Current Work[edit]

Soll is now the Director of the Developmental Studies Hybridoma Bank (DSHB), a NIH National Resource, Director of the W.M. Keck Dynamic Image Analysis Facility, Director of the Monoclonal Antibody Research Institute and on the board of the Foundation for Monoclonal Antibody Research. His research groups now focus on 1) the role of mating and switching in the pathogenesis of Candida albicans, 2) cell motility and the cytoskeleton, 3) advanced monoclonal antibody technology and 4) methods for suppressing tumorigenesis in cancer patients.

References[edit]

  1. ^ http://www.researchgate.net/profile/David_Soll/publications
  2. ^ http://projectreporter.nih.gov/reporter_SearchResults.cfm?icde=23446842
  3. ^ http://www.oxfordjournals.org/our_journals/mmy/editorial_board.html
  4. ^ http://benthamopen.com/TOMYCJ/editorial-board/
  5. ^ http://onlinelibrary.wiley.com/journal/10.1002/(ISSN)1949-3592/homepage/EditorialBoard.html
  6. ^ http://www.oxfordjournals.org/our_journals/mmy/editorial_board.html
  7. ^ Soll, D. R.; Sonneborn, D. R. (1971). "Zoospore germination in Blastocladiella emersonii: Cell differentiation without protein synthesis?". Proceedings of the National Academy of Sciences of the United States of America 68 (2): 459–63. PMC 388960. PMID 5277101.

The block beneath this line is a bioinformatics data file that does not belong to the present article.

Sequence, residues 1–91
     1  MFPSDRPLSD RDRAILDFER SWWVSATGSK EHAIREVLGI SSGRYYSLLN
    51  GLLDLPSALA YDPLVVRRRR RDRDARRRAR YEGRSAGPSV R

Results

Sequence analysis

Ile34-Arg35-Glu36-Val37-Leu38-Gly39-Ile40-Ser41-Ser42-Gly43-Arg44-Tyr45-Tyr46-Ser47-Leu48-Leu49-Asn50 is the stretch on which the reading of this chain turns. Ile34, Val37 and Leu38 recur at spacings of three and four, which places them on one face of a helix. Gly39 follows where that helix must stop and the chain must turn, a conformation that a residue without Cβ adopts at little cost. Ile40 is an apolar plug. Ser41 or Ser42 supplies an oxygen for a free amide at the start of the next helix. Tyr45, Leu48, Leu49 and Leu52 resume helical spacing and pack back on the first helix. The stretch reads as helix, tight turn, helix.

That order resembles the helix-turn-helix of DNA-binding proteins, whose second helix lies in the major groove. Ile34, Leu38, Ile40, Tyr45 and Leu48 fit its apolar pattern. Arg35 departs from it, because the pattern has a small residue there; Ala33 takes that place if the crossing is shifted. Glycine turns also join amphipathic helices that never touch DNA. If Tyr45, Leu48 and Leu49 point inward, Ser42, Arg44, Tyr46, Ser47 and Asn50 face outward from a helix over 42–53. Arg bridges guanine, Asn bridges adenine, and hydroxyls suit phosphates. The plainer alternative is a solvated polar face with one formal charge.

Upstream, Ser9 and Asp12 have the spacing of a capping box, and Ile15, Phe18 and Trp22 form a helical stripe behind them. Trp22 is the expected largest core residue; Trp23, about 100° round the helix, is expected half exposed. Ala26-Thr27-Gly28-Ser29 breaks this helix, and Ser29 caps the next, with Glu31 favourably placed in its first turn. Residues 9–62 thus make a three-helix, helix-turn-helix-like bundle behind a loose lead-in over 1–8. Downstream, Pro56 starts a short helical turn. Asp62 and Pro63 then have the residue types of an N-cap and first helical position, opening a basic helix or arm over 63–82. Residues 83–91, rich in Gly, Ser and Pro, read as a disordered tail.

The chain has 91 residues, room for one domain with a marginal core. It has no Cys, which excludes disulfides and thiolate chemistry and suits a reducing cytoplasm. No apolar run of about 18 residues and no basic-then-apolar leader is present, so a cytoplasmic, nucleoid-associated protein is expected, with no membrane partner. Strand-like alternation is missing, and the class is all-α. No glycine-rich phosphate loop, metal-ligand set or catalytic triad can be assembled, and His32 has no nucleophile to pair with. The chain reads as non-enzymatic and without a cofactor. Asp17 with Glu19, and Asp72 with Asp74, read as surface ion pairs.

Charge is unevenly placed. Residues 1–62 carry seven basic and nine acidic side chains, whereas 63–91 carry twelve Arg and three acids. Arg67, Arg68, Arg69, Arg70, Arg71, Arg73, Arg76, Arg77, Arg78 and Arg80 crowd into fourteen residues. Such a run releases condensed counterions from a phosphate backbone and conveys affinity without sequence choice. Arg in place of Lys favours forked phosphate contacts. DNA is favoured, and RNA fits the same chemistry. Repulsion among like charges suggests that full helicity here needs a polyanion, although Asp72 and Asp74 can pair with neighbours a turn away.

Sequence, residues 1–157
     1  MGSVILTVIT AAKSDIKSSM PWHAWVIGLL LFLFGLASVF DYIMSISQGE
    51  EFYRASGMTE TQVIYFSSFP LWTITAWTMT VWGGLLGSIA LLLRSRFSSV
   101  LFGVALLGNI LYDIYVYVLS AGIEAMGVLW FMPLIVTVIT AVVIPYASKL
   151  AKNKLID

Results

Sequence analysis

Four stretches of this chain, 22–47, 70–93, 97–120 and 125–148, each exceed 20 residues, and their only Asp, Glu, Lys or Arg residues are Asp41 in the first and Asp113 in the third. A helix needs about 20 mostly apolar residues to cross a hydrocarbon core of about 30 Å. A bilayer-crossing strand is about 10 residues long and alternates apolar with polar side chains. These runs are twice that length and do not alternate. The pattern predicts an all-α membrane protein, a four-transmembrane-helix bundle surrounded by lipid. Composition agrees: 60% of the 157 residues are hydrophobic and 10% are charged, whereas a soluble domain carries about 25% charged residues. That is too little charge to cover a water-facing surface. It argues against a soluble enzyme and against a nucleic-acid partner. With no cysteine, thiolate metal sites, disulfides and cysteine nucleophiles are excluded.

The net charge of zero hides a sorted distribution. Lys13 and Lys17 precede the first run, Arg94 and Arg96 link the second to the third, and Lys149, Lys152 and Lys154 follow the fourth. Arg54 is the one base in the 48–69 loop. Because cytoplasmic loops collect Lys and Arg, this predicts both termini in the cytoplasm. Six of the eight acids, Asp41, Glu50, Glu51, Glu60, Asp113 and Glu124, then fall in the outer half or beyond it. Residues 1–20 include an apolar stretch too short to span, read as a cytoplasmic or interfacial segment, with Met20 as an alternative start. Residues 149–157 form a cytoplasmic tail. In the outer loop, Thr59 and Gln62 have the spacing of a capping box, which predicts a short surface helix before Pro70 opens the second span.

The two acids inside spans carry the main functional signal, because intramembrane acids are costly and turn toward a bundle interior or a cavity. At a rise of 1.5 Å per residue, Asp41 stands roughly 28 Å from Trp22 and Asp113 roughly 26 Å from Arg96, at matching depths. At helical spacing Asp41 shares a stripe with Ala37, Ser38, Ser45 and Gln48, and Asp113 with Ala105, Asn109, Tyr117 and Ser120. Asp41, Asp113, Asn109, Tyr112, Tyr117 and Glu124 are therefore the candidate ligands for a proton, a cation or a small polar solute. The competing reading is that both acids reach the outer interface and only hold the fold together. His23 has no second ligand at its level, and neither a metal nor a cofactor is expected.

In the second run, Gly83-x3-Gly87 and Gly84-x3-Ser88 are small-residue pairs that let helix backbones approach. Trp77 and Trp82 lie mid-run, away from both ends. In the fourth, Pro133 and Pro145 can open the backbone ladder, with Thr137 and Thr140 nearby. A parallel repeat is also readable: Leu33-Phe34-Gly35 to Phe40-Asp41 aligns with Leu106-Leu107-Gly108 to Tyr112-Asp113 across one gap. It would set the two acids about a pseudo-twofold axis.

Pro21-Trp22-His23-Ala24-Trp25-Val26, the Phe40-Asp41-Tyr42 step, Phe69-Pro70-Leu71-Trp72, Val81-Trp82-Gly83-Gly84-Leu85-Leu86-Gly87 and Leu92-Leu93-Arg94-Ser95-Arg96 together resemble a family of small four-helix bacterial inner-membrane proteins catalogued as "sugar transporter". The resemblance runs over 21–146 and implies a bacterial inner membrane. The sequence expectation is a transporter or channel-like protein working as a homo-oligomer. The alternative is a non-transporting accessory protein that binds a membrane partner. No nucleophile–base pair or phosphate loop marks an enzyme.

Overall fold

8. ^ Soll, D. R.; Waddell, D. R. (1975). "Morphogenesis in the slime mold Dictyostelium discoideum. 1. The accumulation and erasure of "morphogenetic information"". Developmental biology 47 (2): 292–302. PMID 1239391. 
  9. ^ Soll, D. R. (1979). "Timers in developing systems". Science (New York, N.Y.) 203 (4383): 841–9. PMID 419408. 
  10. ^ Soll, D. R.; Mitchell, L. H. (1983). "Filament ring formation in the dimorphic yeast Candida albicans". The Journal of cell biology 96 (2): 486–93. PMC 2112305. PMID 6339518. 
  11. ^ Slutsky, B; Buffo, J; Soll, D. R. (1985). "High-frequency switching of colony morphology in Candida albicans". Science (New York, N.Y.) 230 (4726): 666–9. PMID 3901258. 
  12. ^ http://www.google.com/patents/US5655028
  13. ^ Soll, D. R. (1995). "The use of computers in understanding how animal cells crawl". International review of cytology 163: 43–104. PMID 8522423. 
  14. ^ Soll, D. R. (2000). "The ins and outs of DNA fingerprinting the infectious fungi". Clinical microbiology reviews 13 (2): 332–70. PMC 100156. PMID 10756003. 
  15. ^ Heid, P. J.; Voss, E; Soll, D. R. (2002). "3D-DIASemb: a computer-assisted system for reconstructing and motion analyzing in 4D every cell and nucleus in a developing embryo". Development Biology 245 (2): 329–347. PMID 11977985. 
  16. ^ Soll, D. R.; Wessels, D; Kuhl, S; Lusche, D. F. (2009). "How a cell crawls and the role of cortical myosin II". Eukaryotic Cell 8 (9): 1381–96. doi:10.1128/EC.00121-09. PMC 2747829. PMID 19633268. 
  17. ^ http://www.news-releases.uiowa.edu/2000/may/0526swineodor.html
  18. ^ http://www.sciencedaily.com/releases/2000/05/000531072419.html
  19. ^ Daniels, K. J.; Srikantha, T; Lockhart, S. R.; Pujol, C; Soll, D. R. (2006). "Opaque cells signal white cells to form biofilms in Candida albicans". The EMBO Journal 25 (10): 2240–52. doi:10.1038/sj.emboj.7601099. PMC 1462973. PMID 16628217.